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\title{What if DNA Lived on a Lattice?}
\author{Abdulmajed Dakkak}
\date{June 10th, 2008}
\begin{document}
\maketitle
\begin{quote}
These are my notes based on the lecture by Dr. Zoie Raputi on June
10th, 2008. Please email me with corrections if mistakes are
found.
\end{quote}
In this talk the presenter simplifies the DNA model by assuming
that they live on a lattice. After defining legal local moves, the
presenter is interested in the speedup achieved if such moves are
allowed to be executed in parallel.
\section{The DNA}
DNA is the blueprint that instructs the cells how to replicate. It
is composed of a combination of phosphates and sugar, with bases
that, for simplicity, reside on top of the sugars. Such bases are
called \emph{monomers} and come in four types --- Adenine, Thymine,
Guanine, and Cytosine. The two basis Adenine and Thymine bond to
create a \emph{weak} pair composed of two hydrogen bonds. The
\emph{stronger} pair is composed of 3 hydrogen bonds and is
composed of Guanine and Cytosine.
It is known from experiments that if the DNA is single stranded and
a periodic, then it can loop onto itself. If such loops occur, then
they are called either \emph{hairpins} or
\emph{stem-loop structures}. It is worth mentioning that loops are
not a strange phenomenon in DNA, as they only lasts for a few
milliseconds --- although some believe that continuous oscillation
occurs. The figure bellow shows a single stranded DNA in open (or
coil) state on the left, and a strand of DNA in closed (or native)
state on the right. These correspond to the kinetics of the DNA
strand.
\includegraphics[scale=0.15]{graphics/hairpins.png}
\section{The Lattice}
The presenter simplifies the DNA onto a lattice considering both a
cubical and hexagonal lattice in 2 and 3 space. She then defines
what local moves and configurations are legal, and which are not.
Such moves are influenced by how DNA behaves at the microscopic
level. One constraint is the so called \emph{stiffness constrain}.
It states that the angle between two consecutive bond (edges in the
lattice) must be larger than $120^\circ$.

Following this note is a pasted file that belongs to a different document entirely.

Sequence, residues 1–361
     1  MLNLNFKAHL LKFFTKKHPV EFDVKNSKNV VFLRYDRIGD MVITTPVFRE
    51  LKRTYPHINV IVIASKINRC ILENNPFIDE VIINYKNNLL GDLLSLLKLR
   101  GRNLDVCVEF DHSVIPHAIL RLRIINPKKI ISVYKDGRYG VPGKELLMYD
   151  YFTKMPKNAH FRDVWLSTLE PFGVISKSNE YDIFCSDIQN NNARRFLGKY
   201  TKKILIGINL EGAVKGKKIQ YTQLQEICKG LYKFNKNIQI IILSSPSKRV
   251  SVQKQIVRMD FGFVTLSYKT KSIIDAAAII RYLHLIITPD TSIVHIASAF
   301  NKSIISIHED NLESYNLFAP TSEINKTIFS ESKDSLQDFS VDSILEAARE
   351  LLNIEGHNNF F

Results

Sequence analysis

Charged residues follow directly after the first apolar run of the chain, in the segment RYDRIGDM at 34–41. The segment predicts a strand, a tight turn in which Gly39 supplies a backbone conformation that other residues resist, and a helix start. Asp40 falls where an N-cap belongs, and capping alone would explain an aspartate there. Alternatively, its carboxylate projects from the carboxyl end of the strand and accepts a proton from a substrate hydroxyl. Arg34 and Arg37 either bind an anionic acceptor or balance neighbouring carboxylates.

\subsection{Square Lattice}
The square lattice is the simplest lattice to discritize the DNA
on. There are only two directions $x_1$ and $x_2$ (the inverse
directions $x^{-1} = x_1$ and $y^{-1} = y_1$ being trivial due to
the symmetry of the square). Since no restriction is placed on the
configuration, all words are considered legal.
\includegraphics[scale=0.3]{graphics/square.png}
\subsection{Cubic Lattice}
The cubical lattice contains three directions $x, y,$ and $z$. The
inverses are again trivial to deduce, and, since no restriction is
placed on the placement of the DNA, all words are legal.
\includegraphics[scale=0.3]{graphics/cube.png}
If we consider the 2-dimensional cubic lattice where the directions
$x, y,$ and $z$ form $0^\circ, 60^\circ$, or $120^\circ$. In this
case some words are not allowed since they conflict with our
stiffness constraint. One can enumerate all the legal words in this
lattice and get:
\begin{verbatim}
xy yx
yz zy
\end{verbatim}
It is easy to see how one can get this if we represent $x$, $y$ and
$z$ as vectors in $\mathbb{R}^2$. $x = \langle 1, 0 \rangle$,
$y = \langle \frac{1}{2}, \frac{\sqrt{3}}{2} \rangle$, and
$z = \langle \frac{-1}{2}, \frac{\sqrt{3}}{2} \rangle$
If we consider the 3-dimensional cubical lattice, there are are a
total of 6 directions $x_i$ for $i = 0, 1, \cdots, 6$. The first
three are planer and are the same as the 2-dimensional cubical
lattice case. The other three spring out of two dimensions and are
$\langle \frac{-1}{2}, \frac{-1}{2\sqrt{3}}, \frac{\sqrt{2}}{\sqrt{3}} \rangle$,
$\langle \frac{1}{2}, \frac{-1}{2\sqrt{3}}, \frac{\sqrt{2}}{\sqrt{3}} \rangle$,
and
$\langle 0, \frac{1}{\sqrt{3}}, \frac{\sqrt{2}}{\sqrt{3}} \rangle$
.
\section{Allowable Moves}
\end{document}